|Ear we go! What are cauliflower ears?|
|Around the Academy:
Getting your ears bashed is pretty much unavoidable if you're a front row forward.
But 24-times capped England hooker Phil Greening insists he's in no hurry to have his gnarled lugs fixed.
It's because of rugby I've got dodgy ears.
It's what I hate most about being a rugby player!
But it's one of the hazards of the job when you play in the scrum.
The front row are the grafters of the side - so I suppose we can expect to pick up a few battle scars along the way.
Lumpy, bumpy ears like mine are often called cauliflower ears, because that's exactly what they look like!
You're always getting your ears bashed in the scrum, but I think I got mine from banging the side of my head in tackles.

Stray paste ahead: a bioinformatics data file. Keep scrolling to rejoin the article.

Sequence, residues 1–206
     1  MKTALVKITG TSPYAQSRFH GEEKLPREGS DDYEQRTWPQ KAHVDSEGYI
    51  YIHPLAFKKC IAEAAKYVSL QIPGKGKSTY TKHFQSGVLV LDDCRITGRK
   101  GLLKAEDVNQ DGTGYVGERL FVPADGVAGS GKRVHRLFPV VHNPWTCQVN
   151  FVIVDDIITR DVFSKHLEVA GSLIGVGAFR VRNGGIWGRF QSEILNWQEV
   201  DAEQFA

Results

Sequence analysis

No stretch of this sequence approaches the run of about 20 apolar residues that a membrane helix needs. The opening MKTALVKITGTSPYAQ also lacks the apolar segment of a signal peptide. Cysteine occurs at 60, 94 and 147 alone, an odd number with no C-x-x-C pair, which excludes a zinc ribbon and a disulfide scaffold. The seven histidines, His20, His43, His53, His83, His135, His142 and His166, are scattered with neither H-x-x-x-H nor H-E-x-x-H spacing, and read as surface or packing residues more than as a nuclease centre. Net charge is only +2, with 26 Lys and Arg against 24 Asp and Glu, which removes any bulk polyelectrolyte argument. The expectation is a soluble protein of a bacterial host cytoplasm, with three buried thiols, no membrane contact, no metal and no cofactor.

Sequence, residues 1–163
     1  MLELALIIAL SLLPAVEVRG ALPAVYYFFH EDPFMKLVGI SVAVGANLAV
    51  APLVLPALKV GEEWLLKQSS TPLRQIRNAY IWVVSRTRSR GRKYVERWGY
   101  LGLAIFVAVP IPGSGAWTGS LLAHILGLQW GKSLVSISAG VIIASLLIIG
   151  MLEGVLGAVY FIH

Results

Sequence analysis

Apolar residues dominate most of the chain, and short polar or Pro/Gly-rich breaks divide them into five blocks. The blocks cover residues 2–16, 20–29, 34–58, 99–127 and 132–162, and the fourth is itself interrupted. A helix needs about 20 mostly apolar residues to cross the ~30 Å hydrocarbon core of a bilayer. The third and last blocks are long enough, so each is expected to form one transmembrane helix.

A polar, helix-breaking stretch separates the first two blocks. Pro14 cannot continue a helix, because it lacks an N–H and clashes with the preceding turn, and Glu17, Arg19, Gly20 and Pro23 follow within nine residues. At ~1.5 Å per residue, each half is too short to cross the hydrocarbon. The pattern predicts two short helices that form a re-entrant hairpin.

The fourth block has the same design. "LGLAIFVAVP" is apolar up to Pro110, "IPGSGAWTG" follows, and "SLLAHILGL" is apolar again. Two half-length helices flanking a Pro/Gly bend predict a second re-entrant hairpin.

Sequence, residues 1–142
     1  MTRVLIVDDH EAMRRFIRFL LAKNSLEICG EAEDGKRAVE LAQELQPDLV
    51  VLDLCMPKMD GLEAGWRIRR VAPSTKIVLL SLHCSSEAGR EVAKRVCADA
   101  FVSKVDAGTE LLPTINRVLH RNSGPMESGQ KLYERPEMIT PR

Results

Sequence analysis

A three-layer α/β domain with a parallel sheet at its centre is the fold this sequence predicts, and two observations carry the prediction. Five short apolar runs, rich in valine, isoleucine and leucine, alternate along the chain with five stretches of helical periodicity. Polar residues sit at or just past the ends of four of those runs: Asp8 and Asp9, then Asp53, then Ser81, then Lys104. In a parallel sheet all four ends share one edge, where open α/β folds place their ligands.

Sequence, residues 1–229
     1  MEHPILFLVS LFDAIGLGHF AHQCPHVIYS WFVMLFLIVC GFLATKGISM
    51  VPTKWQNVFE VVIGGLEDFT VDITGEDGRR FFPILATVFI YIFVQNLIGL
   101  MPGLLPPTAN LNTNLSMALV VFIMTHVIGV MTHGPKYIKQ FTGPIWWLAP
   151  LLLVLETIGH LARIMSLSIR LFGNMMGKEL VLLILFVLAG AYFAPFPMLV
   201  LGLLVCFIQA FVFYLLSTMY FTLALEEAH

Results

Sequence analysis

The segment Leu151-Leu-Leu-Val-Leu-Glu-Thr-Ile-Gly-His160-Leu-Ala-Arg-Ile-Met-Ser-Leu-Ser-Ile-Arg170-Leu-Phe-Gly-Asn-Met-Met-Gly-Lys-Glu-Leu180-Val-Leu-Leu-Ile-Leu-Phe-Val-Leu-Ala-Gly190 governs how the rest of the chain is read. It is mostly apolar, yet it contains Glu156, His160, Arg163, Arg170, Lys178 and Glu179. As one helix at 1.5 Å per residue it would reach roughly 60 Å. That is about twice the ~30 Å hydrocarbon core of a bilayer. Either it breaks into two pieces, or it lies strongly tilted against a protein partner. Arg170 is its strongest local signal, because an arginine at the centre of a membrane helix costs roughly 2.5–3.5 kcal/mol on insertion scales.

Lots of other people who play contact sports such as boxers and wrestlers will develop cauliflower ears too.
What happens is your ear gets torn and bruised and a blood clot forms.
This tears the skin away from the soft flexible material inside the ear called cartilage.
And without cartilage to keep it in shape the ear will shrivel, making it look like a cauliflower.
Some players try to avoid injury by taping their ears up or wearing headgear .
Others just decide to have their ears fixed once they've finished playing.
All this involves is a simple operation. The doctor will simply use a syringe to drain the blood away.
But I don't think I'll bother having my done. They may look strange - but I've grown quite attached to them!